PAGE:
Most malls have standard size booths. I prefer a 10’ X 12’ booth rather than a 10’ X 10’ myself. Not only does this provide extra rent income it also looks better. A 10’ depth is the ideal. Encourage people wanting to display furniture to get larger booths. You could keep every booth on the 12’ intervals but a 10’ X 20’ is a nice booth size for furniture.

Opening an Antique Mall2Figuring out the how much to charge per square booth is critical. You don’t want to be charging more than other malls in the area unless you can offer a compelling reason like the best location. Dealers shop for the best deals. The rent charged varies widely depending on location. When we were in Dallas, we charged $4 a square foot. But we were paying over $4000 a month for a little less than 3000 square foot building plus utilities which were over $1000 a month. Here the standard rent is more like a $1 a square foot.

Then on top of the rent, you have to charge a percentage of each sale, usually 10% in many places. The credit card charges come out of this. These can run as high as 4% on some corporate cards. So you will not make 10% on each sale. People are paying with cash much less often now. Finding the best deal on credit card processing is very important, there are many companies, get several quotes.

If you are not familiar with promoting your business on the internet, you need to find someone that is. You need your own site, a Facebook page, and a listing on Google Places as well as many other local directories as possible. This is getting more crucial all of the time. If you don’t have a presence on the web, you have two strikes against you. It is important to do these right and not just have a web site. You can read other articles on this site about owning your own antique store and all of that will apply to owning an antique mall.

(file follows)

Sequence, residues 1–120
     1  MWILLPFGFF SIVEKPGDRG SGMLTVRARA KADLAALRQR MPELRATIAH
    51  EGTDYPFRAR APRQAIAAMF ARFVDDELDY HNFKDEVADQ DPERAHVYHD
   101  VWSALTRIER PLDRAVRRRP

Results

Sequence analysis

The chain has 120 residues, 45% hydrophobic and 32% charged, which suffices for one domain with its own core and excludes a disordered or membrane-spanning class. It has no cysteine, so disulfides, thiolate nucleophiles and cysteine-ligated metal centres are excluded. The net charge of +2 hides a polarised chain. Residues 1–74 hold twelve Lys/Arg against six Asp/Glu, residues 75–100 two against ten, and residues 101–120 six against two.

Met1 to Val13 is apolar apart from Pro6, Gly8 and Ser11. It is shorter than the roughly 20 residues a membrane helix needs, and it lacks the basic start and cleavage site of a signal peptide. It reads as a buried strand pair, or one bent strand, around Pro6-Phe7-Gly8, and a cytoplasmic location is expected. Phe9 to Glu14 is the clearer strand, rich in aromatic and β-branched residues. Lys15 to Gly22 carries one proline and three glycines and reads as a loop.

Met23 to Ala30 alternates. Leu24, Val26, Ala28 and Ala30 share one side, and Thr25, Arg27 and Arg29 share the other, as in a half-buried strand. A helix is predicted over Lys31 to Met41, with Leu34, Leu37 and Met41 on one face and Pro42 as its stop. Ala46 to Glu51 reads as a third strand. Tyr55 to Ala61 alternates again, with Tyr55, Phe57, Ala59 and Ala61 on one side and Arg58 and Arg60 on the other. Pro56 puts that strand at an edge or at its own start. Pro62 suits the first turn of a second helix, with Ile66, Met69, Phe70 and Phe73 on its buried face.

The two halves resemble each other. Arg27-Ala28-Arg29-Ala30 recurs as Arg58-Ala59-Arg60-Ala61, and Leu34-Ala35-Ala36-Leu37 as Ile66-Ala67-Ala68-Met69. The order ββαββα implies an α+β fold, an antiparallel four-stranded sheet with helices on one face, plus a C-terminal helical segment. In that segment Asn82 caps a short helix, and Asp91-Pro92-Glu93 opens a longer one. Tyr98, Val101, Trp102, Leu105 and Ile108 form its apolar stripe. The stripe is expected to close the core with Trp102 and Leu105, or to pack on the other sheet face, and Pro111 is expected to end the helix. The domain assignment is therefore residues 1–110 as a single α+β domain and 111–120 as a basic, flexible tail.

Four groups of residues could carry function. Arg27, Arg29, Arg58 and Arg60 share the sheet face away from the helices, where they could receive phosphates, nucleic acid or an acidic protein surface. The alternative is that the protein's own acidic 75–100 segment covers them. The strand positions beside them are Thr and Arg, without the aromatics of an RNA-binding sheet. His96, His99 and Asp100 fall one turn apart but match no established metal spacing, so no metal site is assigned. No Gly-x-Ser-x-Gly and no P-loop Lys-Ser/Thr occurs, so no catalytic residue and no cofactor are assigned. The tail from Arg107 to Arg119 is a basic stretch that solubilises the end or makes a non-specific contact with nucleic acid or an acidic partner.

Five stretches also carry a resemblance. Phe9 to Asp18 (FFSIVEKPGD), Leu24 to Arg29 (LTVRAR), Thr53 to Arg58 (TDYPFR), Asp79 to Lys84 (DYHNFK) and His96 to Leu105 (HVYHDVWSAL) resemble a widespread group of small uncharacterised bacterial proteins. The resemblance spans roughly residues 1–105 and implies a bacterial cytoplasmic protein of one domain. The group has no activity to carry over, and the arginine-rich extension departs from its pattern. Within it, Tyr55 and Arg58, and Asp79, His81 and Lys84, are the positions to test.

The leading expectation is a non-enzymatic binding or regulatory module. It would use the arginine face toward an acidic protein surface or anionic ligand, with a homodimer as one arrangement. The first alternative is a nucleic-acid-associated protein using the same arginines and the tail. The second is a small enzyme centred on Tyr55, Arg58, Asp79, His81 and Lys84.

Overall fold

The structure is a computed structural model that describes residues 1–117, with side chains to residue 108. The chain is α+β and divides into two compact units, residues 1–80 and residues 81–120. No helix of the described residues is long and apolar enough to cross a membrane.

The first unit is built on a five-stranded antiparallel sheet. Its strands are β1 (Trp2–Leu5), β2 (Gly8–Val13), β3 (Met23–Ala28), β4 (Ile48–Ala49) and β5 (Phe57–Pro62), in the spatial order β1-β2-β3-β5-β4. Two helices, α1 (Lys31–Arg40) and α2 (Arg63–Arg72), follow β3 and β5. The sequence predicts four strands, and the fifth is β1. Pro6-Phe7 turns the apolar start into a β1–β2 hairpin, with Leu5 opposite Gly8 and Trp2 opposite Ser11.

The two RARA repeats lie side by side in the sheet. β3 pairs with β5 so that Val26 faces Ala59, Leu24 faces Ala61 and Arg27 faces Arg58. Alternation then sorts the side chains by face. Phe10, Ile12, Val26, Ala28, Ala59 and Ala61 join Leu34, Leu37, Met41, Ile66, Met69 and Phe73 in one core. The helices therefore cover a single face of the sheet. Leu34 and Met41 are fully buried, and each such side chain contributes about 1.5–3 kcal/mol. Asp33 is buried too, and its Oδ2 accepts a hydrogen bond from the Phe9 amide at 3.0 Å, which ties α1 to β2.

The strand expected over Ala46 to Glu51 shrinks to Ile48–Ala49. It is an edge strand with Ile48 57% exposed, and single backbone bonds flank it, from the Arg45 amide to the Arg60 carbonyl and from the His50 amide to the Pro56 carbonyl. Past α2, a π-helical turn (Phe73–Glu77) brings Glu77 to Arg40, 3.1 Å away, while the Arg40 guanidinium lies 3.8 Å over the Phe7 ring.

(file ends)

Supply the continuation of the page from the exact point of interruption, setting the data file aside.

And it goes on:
One other thing you need to know. You will need some time off. Close one day a week. Monday is the day many antique stores and malls close. Most are only open from 1-5 on Sunday, others choose to close on Sundays. But don’t think you can work 7 days a week. And what happens if you have to miss work for illness or vacations. You will need some time off. So you will either have to have regular employees or one of your dealers who can fill in for you. This is very important. You will get burned out, even if you love the business, unless you have some time away from the business. It is nice if you can afford a full time employee that you can count on for these days.